My last class in my teacher education program is heating up, and I’ve got all kinds of final projects due. I just finished designing a unit on writing a research paper, and I’ll actually be teaching a portion of it in a couple of weeks. I’m anxious about it, and looking forward to the day when this will feel like old hat (if that’s ever a thing). One thing, though: I’ve learned an awful lot about coven leadership and magical training during this process. Just spending the time actually studying how people learn, how to decide what to emphasize, how to reinforce some behaviors while discouraging others, and what to not do in trying to teach someone something in the context of a classroom has translated really well to a coven environment. I think there’s a difference between being a priestess and being a teacher, though they often go hand in hand. I’m gratified to find that my school work is paying off in one part of my life right away.
I’m also working on an academic book review for a journal, and that requires more careful reading than I might normally do on my own. I really enjoy writing reviews, because I have to consider the text from different angles, being less self-centered than I usually am. How would someone else receive this work? What are its implications for people who aren’t me? Etcetera, etcetera. It’s a small thing, but it’s important to me to do good work. Plus I’m reconsidering a book that I read earlier in the year, and it’s a lot of fun to revisit it in this different light.
I ran my first half Marathon on Sunday! I’ve written a bit about my tenuous relationship with athletics. I’m sort of a closeted jock. A lifelong nerd and traumatized fat kid, sports never came easy. Memories of high school gym class mostly involve being hit in the face with dodge balls and one almost unbelievably cartoonish moment where I hit myself in the nose taking a foul shot in basketball—the ball hit the backboard and hit me squarely, knocking me to the ground while everyone watched, agape.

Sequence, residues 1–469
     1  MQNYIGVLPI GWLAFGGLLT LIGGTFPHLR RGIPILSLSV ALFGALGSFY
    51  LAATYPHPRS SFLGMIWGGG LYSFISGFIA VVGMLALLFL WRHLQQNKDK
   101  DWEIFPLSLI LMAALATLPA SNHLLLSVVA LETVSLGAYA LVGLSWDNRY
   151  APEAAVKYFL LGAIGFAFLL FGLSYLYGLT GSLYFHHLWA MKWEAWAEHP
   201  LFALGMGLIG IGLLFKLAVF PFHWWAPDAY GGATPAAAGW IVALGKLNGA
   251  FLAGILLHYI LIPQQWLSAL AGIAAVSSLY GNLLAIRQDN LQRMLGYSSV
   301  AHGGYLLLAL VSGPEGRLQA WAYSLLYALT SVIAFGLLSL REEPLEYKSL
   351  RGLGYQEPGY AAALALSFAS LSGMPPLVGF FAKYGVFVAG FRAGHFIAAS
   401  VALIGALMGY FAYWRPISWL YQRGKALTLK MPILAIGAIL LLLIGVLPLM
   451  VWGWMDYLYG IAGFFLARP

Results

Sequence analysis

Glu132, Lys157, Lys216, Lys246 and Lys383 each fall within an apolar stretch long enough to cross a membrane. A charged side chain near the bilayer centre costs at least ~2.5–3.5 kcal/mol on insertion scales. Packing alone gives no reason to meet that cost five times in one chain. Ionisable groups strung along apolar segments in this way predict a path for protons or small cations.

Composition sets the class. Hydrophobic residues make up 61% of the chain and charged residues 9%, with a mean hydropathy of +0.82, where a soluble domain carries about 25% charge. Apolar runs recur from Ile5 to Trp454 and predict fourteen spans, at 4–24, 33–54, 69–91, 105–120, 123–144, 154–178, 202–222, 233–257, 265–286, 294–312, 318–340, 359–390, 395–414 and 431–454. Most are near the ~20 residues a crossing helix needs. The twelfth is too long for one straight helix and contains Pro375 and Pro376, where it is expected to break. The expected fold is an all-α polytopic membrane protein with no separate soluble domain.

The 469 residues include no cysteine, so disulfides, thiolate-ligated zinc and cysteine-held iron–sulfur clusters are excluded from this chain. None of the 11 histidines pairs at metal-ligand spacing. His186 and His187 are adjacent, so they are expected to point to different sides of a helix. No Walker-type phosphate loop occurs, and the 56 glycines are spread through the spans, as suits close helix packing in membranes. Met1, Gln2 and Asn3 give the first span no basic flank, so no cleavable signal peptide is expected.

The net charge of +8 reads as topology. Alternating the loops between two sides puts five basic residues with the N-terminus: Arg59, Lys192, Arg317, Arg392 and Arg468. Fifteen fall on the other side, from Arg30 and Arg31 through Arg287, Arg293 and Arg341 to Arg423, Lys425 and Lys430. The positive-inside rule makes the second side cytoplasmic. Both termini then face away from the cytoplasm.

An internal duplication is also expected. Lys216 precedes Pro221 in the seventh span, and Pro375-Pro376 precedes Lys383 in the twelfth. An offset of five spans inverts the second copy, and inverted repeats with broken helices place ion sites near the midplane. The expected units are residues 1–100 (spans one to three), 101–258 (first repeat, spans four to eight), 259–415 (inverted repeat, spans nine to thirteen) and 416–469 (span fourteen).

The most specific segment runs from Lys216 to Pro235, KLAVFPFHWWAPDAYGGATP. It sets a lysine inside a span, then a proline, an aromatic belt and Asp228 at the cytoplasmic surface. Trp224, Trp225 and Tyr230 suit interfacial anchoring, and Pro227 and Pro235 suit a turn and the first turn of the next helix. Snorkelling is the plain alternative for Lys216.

But I started running in college because my boyfriend at the time was a runner. I’ve been sucking at it for a long time, but was recently inspired to actually train. I remember those early days, thinking that distance runners were like magical beasts, or Vegas magicians: superhuman, mystical, and shrouded in a kind of wonder that doughy mediocrities like myself couldn’t possibly hope to replicate.
Imagine my surprise, in the last three months, to find that my own body is also capable of such feats (albeit slower and less pretty).
I can’t wait to see what it does next. Once I can fully extend my legs again, that is.
I realize this particular blog isn’t informative. There’s no list of practical tips for being Pagan and no probing questions about theology or community. But being a witch isn’t all coven meetings and spellcraft. It’s also school and work and more work and getting sick and dealing with family and trying new things and feeling insecure sometimes and remembering to take the car in for an oil change.
I think those things get lost in the mix sometimes, and it makes it too easy to put people on pedestals (or dehumanize them), set unrealistic expectations for yourself or others, and to justify not dealing with other parts of life. One of the things that’s important to me about witchcraft is that it can be part of these other experiences. It’s not some intangible, other thing that exists apart from the “real” world. It’s part of who I am, but it’s not all that I am. And those other parts are what make my witchcraft necessarily different from yours or anyone else’s, even if we’re part of the same tradition, or even the same coven.
I think we also forget sometimes that there’s a lot of extraordinariness in the mundane (dude, I just ran thirteen fucking miles holy balls). Sometimes in our quest to be the best and realest and most magical and most authoritative (often at the expense of other people), we forget about the things that actually do set us apart. But if we discount those things, our witchcraft doesn’t stand much of a chance in the long run, either. When we talk about erasing the line between magic and the mundane, this is where my head goes lately. It’s not that doing the dishes and cleaning up dog shit has to become an act of joyous magic (and I know that’s a thing people strive for, and godspeed to you). Rather, it’s a reminder that one things affects the other. Functioning well in one realm reinforces both.